The Human Problem (Social Engineering)
You have teachers casually handing passwords out to students. The first group you need to educate about the use of the network is your teachers. Otherwise, further security measures are pointless.
Presuming you are using a strong password for the WiFi key and using WPA2 (not WEP or even WPA, but WPA2), the wireless network is not particularly easy to break into.
Which means your teachers are giving the password to your students, either directly and intentionally, or through a lax treatment of security (writing the password down, leaving computers unlocked, etc.)
There are plenty of other answers addressing things like MAC address filtering (pointless), establishing clear consequences for misuse of the network, etc.
Some answers also address the possibility of giving students their own network to use.
The Technical Solution
A few answers have suggested variations of setting up a secure network. This can be done with a relatively minimal investment, and can be easily extended to provide multiple networks for different uses (teacher's/admin network for sensitive stuff, student network for classroom Chromebooks and maybe even limited use of students' own devices).
If you have Active Directory (a Windows server) or a Linux SAMBA server, you can set up WPA-Enterprise authentication on your wireless network.
Further, you can deploy relatively affordable access points that communicate with each other and enable you to serve multiple SSID's (more than one wireless network), each on a separate VLAN. Each VLAN is a separate network and cannot communicate with other VLANs except through a router, so the router is where you establish firewall rules to control what can communicate with what. And one network can use WPA-Enterprise while another uses WPA2, or is open but forces authentication via a captive guest portal, and a firewall preventing connections into the admin network.
Just granting the students a network-connected domain of their own may reduce the number of them who are interested in breaching policy and risking their grades or their summers to break into the sensitive administration network.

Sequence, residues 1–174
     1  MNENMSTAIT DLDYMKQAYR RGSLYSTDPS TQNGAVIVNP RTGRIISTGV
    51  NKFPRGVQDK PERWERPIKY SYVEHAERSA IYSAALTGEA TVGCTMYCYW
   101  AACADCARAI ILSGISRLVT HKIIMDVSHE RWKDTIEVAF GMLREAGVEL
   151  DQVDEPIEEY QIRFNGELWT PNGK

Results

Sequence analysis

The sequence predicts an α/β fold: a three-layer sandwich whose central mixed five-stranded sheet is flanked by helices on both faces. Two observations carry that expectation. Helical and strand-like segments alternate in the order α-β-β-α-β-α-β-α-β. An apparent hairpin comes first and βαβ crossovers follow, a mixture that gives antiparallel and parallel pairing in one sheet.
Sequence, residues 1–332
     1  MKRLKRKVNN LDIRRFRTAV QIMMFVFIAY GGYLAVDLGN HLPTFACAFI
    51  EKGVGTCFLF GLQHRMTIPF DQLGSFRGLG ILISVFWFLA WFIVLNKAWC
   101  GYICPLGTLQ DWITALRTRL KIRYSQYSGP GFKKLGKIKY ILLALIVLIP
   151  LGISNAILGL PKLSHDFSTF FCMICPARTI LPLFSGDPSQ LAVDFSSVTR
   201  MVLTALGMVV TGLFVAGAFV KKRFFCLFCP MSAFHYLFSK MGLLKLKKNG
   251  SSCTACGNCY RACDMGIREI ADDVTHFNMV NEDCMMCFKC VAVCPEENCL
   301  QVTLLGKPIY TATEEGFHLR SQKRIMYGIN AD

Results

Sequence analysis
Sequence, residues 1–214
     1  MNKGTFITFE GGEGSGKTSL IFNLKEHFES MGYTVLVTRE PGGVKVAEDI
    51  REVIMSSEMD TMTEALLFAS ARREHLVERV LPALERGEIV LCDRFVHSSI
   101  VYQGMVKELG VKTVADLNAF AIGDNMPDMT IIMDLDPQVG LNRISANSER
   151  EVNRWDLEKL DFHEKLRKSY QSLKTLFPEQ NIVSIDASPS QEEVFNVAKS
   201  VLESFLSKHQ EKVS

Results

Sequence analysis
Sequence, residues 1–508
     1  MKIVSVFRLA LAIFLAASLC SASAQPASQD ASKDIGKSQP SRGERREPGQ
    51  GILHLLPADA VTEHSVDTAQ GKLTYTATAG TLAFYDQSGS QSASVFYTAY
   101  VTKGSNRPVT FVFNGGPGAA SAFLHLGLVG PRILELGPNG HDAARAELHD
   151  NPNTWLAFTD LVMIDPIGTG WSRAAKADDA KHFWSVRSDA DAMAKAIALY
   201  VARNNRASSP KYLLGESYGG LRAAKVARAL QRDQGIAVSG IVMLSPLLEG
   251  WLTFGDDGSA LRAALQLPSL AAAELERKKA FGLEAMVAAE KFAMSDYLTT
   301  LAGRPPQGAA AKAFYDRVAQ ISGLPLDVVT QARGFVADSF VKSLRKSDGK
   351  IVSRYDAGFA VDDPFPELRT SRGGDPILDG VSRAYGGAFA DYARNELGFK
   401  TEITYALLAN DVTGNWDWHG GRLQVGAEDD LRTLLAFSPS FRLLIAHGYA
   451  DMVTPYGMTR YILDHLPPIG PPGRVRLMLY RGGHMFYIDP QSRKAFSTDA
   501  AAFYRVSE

I'm not trying to sell any particular gear, but as just one example you can get Ubiquiti Unifi AP's for under $70 each. They can serve up to four SSID's, and the controller software is "free" and runs on Windows or Linux and includes a guest portal enabling you to require visitors (aka "students") to log on individually in order to access the network. You can deploy as many of these as you need in order to get adequate wireless coverage, and devices/laptops will roam seamlessly among all of the AP's. They're PoE devices, so all they need in order to function is an Ethernet cable. http://www.amazon.com/Ubiquiti-Networks-UniFi-Enterprise-System/dp/B004XXMUCQ
You can get a real router for $100 that'll push close to a Gigabit per second through the routing engine (actually, for $50 with somewhat lesser throughput if you get the "little brother" version, and yes I'm thinking of a particular brand). Either of these little routers would give you a single Internet connection (or redundant connections if you prefer) and the ability to segment the network into multiple VLANs and control communications between those segments, and present a different DHCP server to each network segment. So you could direct all the student connections through a proxy server that logs activity and watches for sneaky/inappropriate stuff if that's what you want to do.
You can get an 8 port managed ("smart") Gigabit Ethernet switch with fully adequate VLAN support for $30, or a 24 port version of the switch for $80. For the scale and budget you're dealing with, you don't have to spend thousands of dollars per device to use top-shelf HP Procurve or Cisco switches and super-expensive wireless devices with dedicated hardware controllers. Those are great, don't misunderstand, but if it isn't in the budget, then it isn't in the budget.
For a few hundred dollars, somebody with a little bit of networking knowledge and access to online documentation and forums could set up a robust network.